Earlier today we passed along word of Brandon Webb saying that he’d like to come back to Arizona and that he’d be content with some kind of incentive-laden deal. This must have given his agent a conniption fit, because he just came out with a slightly different statement, in the form of an email sent to MLBTR.
The upshot: let’s not be too hasty! Webb is gonna play the market and his contract next year should have a base salary in with what Rich Harden, Tim Hudson, Brad Penny and Ben Sheets got this year, baby! That would put him at anywhere between $7.5-10 million.
Sure, dude, whatever. All of those guys except Sheets actually showed that they were healthy and at least somewhat effective before the 2010 season began, which is something Webb is unlikely to do before 2011. And the one guy who couldn’t — Sheets — ended up being one of the bigger free agent busts this season.
I suppose it’s not impossible to imagine a team willing to give Webb close to eight figures plus incentives for 2011 based on a couple of September mopup appearances (at best). I just don’t think it’s anywhere close to likely.
But then again, he’s Webb’s agent, so what would you expect him to say?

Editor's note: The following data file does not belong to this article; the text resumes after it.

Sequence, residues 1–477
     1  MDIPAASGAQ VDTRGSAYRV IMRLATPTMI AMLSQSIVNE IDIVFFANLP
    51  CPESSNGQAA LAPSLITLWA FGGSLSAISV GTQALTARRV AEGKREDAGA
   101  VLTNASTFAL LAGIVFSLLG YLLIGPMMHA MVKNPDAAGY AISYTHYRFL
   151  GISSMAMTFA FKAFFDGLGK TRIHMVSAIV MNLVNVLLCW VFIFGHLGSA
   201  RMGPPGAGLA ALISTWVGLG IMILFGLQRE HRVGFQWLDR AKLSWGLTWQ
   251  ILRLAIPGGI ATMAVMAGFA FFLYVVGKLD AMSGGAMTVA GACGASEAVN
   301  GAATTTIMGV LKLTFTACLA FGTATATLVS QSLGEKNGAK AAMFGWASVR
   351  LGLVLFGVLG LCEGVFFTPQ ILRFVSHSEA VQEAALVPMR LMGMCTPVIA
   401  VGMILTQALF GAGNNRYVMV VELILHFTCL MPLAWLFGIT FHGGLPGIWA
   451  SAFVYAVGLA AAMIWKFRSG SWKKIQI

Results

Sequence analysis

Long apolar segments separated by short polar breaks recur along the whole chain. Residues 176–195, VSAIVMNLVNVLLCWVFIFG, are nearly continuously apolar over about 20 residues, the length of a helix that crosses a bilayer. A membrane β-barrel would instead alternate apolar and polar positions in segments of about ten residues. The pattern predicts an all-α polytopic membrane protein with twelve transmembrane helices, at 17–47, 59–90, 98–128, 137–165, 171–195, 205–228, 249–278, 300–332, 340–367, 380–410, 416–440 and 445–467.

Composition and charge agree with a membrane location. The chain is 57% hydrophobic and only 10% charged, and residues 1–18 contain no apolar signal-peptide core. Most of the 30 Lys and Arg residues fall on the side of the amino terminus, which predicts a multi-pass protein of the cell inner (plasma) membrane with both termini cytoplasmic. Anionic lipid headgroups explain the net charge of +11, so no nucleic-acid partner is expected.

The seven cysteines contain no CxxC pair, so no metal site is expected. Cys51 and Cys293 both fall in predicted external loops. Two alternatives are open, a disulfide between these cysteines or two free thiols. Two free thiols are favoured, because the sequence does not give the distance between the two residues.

Yankees outfielder Aaron Judge found himself front-and-center in a weird play in the bottom of the fourth inning during Game 4 of the ALCS on Tuesday evening. Judge drew a walk to lead off the frame. After Didi Gregorius lined out, Gary Sanchez flied out to shallow right-center.
Judge must have thought the ball had a high probability of falling in for a hit, so he was past the second base bag around the time he realized his mistake. He retraced his steps, running back to first base. Reddick’s throw hopped a couple of times but first base umpire Jerry Meals called Judge out on the tag-up play.
Manager Joe Girardi requested a review and the call was overturned: Judge was safe. However, Astros manager A.J. Hinch wanted to challenge that Judge did not re-touch second base on his way back. Rather than issuing a formal challenge, the Astros had to appeal the play by having starter Lance McCullers throw to second base, at which point second base umpire Jim Reynolds would issue a ruling. McCullers was a bit hasty, though, and made his appeal throw before Greg Bird stepped into the batter’s box. Reynolds told McCullers that he had to wait. So, McCullers again made his appeal throw.
This time, Judge was running and he was simply tagged out at second base for the final out of the inning. No need for a review.
As Ken Rosenthal explained on the FS1 broadcast, the Yankees were trying to “beat the police.” They knew Judge would have been ruled out — replays clearly showed he never re-touched the base — so they had nothing to lose by sending Judge. If he was safe, the Astros would no longer be able to appeal the play. If he’s out, then it’s the same outcome they would have had anyway.